Q&A With Jacquelyn Mitchard
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Q&A With Jacquelyn Mitchard
My latest Q&A is with New York Times Bestselling author Jacquelyn Mitchard. Some of Jacquelyn’s work is Deep End of the Ocean, A Theory of Relativity, Second Nature: A Love Story, & Two If By Sea: A Novel. Her recent novel The Good Son is available to buy. Jacquelyn is also a journalist and has taught in the MFA in Creative Writing programs at several colleges. Jacquelyn’s work has been featured in Newsweek, Ms., Reader’s Digest, Harper’s, Good Housekeeping, Hallmark, Real Simple and many other publications.
Q: Would you tell the readers of the blog and I about your recent novel The Good Son?
A: It’s a story about two mothers, neighbors and friends: The son of one of them was convicted of killing the daughter of the other. The two young people had been in love since seventh grade. As the son finishes his term for manslaughter, Thea, the main character, must help her son try to start his life over again in a world that doesn’t want him, and part of this process is admitting she doesn’t really know what happened on the night of Belinda’s death. As she discovers what really did happen, amidst a nationwide campaign against dating violence started by the other parent, she is shocked by the discrepancies and sets out to find the truth, whatever hurt it may bring to her.
Q: Your first novel, Deep End of the Ocean, was selected for Oprah Winfrey’s Book club. How did that feel knowing Oprah selected your novel and read it for her book club?
A: It was simply great, nothing at all negative about the process, just a great deal of fun, surprise and validation. It almost did not happen. When Oprah Winfrey left her first voice message on my little answering machine (“This is Oprah Winfrey and I have loved ‘The Deep End of the Ocean’ more than I have loved any other book I’ve read in the past ten years ..”) I just erased it because I thought it was one of my girlfriends horsing around with me. I did that the second time as well. The third time, the young journalism intern from the university who was working for me said, “Hey, Jack, I think that really is Oprah Winfrey because listen to how mad she is!” And she was. She was saying, “This is Oprah Winfrey and I don’t even know if you live here but if you do, could you at least do me the courtesy of returning my phone call?” She didn’t have a book club planned but one of her producers suggested that and it was an immediate hit. By the night the first book was announced, there were 4,000 holds on it at the New York Public Library alone. Really, that event gave me the privilege of telling stories for a living, at least for part of my living. It was just enormous fun.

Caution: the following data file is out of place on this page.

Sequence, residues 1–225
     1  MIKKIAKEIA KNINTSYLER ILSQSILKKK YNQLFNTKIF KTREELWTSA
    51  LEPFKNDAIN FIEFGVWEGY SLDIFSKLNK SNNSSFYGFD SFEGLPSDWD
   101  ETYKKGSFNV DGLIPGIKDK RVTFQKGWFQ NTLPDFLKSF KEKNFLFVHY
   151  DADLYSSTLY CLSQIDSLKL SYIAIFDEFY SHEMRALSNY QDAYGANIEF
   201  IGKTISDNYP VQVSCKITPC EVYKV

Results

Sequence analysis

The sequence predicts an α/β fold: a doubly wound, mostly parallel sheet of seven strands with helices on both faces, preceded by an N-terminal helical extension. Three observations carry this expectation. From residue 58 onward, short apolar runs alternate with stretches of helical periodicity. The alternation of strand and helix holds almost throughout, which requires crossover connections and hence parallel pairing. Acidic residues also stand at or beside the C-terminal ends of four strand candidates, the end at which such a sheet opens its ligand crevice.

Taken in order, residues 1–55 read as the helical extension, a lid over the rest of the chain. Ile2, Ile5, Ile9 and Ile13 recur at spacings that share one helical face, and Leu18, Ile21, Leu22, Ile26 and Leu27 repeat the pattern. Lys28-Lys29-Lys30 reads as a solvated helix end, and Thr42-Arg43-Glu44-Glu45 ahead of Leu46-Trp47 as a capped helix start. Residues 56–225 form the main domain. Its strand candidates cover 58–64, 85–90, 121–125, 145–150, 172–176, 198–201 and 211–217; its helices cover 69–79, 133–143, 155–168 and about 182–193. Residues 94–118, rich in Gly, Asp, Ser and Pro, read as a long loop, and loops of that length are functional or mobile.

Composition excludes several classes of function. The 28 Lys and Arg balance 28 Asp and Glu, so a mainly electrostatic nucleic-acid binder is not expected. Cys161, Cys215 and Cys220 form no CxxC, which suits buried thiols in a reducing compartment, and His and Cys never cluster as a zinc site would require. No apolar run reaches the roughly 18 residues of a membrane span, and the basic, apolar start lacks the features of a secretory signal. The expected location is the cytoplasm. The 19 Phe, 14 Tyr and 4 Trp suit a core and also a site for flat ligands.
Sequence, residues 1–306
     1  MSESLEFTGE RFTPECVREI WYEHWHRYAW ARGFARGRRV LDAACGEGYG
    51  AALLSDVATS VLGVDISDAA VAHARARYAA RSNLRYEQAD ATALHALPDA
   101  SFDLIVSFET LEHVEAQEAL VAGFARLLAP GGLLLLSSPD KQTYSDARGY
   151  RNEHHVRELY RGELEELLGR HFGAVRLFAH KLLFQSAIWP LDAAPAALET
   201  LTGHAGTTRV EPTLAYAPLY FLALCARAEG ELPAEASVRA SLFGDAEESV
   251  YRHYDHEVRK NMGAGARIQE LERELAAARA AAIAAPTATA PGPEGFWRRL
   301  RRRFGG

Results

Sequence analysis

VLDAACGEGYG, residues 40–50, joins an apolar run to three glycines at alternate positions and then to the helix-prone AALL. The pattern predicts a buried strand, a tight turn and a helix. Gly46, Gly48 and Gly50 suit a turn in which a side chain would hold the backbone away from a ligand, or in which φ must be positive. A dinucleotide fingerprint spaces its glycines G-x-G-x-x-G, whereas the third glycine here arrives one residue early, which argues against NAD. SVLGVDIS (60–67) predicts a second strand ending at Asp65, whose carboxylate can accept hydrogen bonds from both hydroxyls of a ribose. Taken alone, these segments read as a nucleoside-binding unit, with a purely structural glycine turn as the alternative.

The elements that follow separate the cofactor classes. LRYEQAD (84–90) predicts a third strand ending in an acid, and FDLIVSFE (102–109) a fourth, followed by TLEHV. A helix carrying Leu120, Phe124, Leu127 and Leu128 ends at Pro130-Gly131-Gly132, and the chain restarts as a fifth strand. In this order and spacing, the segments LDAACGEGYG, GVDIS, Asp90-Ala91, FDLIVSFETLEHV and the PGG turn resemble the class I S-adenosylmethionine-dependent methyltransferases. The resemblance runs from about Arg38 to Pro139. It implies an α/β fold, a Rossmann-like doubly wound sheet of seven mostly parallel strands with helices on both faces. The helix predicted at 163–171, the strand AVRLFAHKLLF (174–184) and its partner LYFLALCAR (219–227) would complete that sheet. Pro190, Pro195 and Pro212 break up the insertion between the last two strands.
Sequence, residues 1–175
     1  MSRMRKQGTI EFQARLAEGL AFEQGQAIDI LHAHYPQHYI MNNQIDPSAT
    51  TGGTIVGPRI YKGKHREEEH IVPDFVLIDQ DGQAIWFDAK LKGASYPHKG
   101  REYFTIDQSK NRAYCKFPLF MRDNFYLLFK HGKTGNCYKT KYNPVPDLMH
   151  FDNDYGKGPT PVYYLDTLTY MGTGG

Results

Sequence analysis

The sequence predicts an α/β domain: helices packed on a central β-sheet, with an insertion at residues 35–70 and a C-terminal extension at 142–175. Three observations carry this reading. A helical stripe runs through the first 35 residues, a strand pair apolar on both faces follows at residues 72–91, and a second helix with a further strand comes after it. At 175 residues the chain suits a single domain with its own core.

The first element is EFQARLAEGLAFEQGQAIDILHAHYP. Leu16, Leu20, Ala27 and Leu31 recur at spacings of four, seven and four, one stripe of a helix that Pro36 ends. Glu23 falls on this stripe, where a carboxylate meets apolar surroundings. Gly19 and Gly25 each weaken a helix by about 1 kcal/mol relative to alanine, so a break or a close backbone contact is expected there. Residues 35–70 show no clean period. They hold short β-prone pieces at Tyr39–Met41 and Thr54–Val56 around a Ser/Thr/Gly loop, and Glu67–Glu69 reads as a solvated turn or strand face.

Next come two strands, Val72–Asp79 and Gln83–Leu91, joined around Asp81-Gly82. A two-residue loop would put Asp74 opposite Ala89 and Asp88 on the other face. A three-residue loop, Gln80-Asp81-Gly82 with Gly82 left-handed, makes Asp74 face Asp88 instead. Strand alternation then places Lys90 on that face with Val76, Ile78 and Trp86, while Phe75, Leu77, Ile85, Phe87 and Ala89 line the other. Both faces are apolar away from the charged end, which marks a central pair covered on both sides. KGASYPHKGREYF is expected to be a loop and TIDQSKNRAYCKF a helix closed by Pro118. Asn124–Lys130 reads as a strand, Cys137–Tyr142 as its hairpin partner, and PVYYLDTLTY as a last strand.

Q: How do you juggle being an author with teaching and raising a family?
A: I have always had the energy of ten people, and, though I’m afraid that it’s making me buggy after all these years, I’ve always had a zeal to do and try many things, as well as pass along some of the knowledge I’ve gleaned about writing and the best possible practices in writing. I’m also a freelance editor helping other writers shape their narratives into books that will get published and reach out to many readers. Most of my children are grown up now, but I still have two in high school and two in college. Fortunately, they have been good people – which really comes down to luck more than anything else it seems – and so while taking care of so many people has its challenges, overall, I’ve had more fun than distress and worry.
Q: When did you realize that writing was what you wanted to do with your life?
A: Not really until my first book was completed. I didn’t always plan to be a writer. I only took a single creative writing course in college (although it was quite an epic course with perhaps the best writing instructor ever born, Mark Costello) and I worked as a newspaper reporter. The great novelist Jane Hamilton encouraged me to try writing a novel right after the early death of my first husband, when I was just mired in despair and confusion. I used to fax pages to her and ask, is this like creative writing? And she would write back, yes, keep going. I never imagined that my first novel would end up in 34 languages with 3 million copies in print. But it was a signal to me that this was something I could do that would make a difference. Now, not everything thinks that it’s a particularly good difference. There are many critics of my writing and when I get a negative review, it really stings. But you just go on tucking in and trying again.